Egypt's Essam El-Hadary, one of Africa's finest keepers.
Photo: Wikimedia Commons
Thomas N'Kono was the first African goalkeeper to really make a name for himself on the global stage after a fine World Cup in 1982. That tournament saw him produce some great displays as Cameroon, despite being widely expected to be the whipping boys of Group A, went through the three matches unbeaten and only conceded a single goal, and that was to the eventual champions Italy. These displays led to a move to Spain and tremendous nine-year career with Espanyol.
He was catching the eye on the big stage again in 1990 as Cameroon advanced to the quarter-finals, only for the Indomitable Lions to go out to England in one of Italia '90's most exciting matches. A strong and athletic keeper, N’Kono was capable of some breathtakingly acrobatic saves. He was a flamboyant character too, often performing celebrations in his iconic tracksuit bottoms. Legendary Italian goalkeeper Gianluigi Buffon, has been quoted as saying that watching N’Kono play at the 1990 World Cup inspired him to become a keeper. High praise indeed.
Clubs: Canon Yaoundé, Tonnerre Yaoundé, Espanyol, Sabadell, Hospitalet, Club Bolívar
The 1980s and 1990s was a great time for Cameroon in regards to goalkeepers, having not one, but two, fantastic keepers in N'Kono and Bell, both battling it out for the number one jersey. Strong and brave, Joseph-Antoine Bell was also adept playing as a sweeper keeper and had played for Cameroon since 1977. However, he didn’t earn wider recognition until 1985, when he signed for Marseille. Three years at the Stade Vélodrome was followed by six more years in France with Toulon, Bordeaux and finally Saint-Étienne.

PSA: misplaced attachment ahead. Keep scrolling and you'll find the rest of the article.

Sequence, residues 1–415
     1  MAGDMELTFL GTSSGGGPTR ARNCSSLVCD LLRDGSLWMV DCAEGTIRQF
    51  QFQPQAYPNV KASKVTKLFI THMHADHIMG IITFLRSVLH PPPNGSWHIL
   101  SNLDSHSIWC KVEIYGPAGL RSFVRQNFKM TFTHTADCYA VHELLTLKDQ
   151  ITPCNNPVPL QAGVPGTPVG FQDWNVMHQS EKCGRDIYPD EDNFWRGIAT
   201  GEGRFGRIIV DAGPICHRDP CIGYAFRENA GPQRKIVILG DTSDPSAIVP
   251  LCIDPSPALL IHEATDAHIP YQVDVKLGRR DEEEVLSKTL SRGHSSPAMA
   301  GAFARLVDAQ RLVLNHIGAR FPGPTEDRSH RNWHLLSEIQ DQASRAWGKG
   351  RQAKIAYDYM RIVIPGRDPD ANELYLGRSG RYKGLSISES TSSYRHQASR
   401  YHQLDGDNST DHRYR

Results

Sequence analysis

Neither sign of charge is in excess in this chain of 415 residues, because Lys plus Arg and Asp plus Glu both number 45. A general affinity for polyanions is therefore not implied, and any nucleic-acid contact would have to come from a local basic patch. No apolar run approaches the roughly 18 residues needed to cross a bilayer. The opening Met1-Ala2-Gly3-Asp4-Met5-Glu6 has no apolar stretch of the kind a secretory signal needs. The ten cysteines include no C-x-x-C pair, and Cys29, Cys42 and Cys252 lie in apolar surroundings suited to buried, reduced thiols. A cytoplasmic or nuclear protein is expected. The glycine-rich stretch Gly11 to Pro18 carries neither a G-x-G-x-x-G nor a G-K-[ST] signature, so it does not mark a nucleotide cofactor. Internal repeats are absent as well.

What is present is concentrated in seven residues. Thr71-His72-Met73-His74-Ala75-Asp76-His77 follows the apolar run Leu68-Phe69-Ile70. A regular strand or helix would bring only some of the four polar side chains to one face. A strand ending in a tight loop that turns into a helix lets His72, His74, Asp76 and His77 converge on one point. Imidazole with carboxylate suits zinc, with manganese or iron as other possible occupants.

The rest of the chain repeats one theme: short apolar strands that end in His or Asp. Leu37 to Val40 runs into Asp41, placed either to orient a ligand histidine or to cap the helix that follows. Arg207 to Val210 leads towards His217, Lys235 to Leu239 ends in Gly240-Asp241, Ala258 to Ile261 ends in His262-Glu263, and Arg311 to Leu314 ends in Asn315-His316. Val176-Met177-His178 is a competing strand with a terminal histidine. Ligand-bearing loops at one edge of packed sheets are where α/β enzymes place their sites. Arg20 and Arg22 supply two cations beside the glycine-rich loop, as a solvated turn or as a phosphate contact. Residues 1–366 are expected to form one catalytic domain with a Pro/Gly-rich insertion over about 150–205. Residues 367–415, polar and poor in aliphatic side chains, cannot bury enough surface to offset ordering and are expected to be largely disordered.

Africa’s most successful goalkeeper, with a European Cup and six English First Division titles to his name. Bruce Grobbelaar was signed by Liverpool in 1981 after being spotted playing for Crewe Alexandra during a loan spell. It would prove to be an inspired move for both player and club as he proved to be a worthy successor to club legend Ray Clemence. The two keepers could barely have been much different, though, for whilst Clemence was solid and dependable Grobbelaar was wildly eccentric and flamboyant. This was highlighted most famously in the penalty shootout of the 1984 European Cup final between Liverpool and Roma, Grobbelaar pretending his legs were turning to spaghetti as Francesco Graziani stepped up to take his kick, in a show of mock terror. Whilst many in the English game weren’t used to such antics at the time, no-one can argue with what Grobbelaar achieved at Anfield,
Best known for his twelve seasons with Al Ahly, Egyptian legend El-Hadary played 159 times for the national team over an incredible 22 year period. Nicknamed “the High Dam” due to his imposing size, he won the Africa Cup of Nations four times, and was named the tournament's best goalkeeper on three occasions.
Clubs: Damietta, Al Ahly, Sion, Ismaily, Zamalek, Al Merreikh, Wadi Degla, Al-Taawoun, Nogoom.
Enyeama played at two World Cups, South Africa 2010 and Brazil 2014. He was named man of the match in four games during the tournaments, a record for a goalkeeper. As well as being a fine keeper, he was also a decent penalty taker, scoring 27 times during his 19 year career.
Clubs: Ibom Stars, Enyimba, Iwuanyanwu Nationale, Bnei Yehuda, Hapoel Tel Aviv, Lille.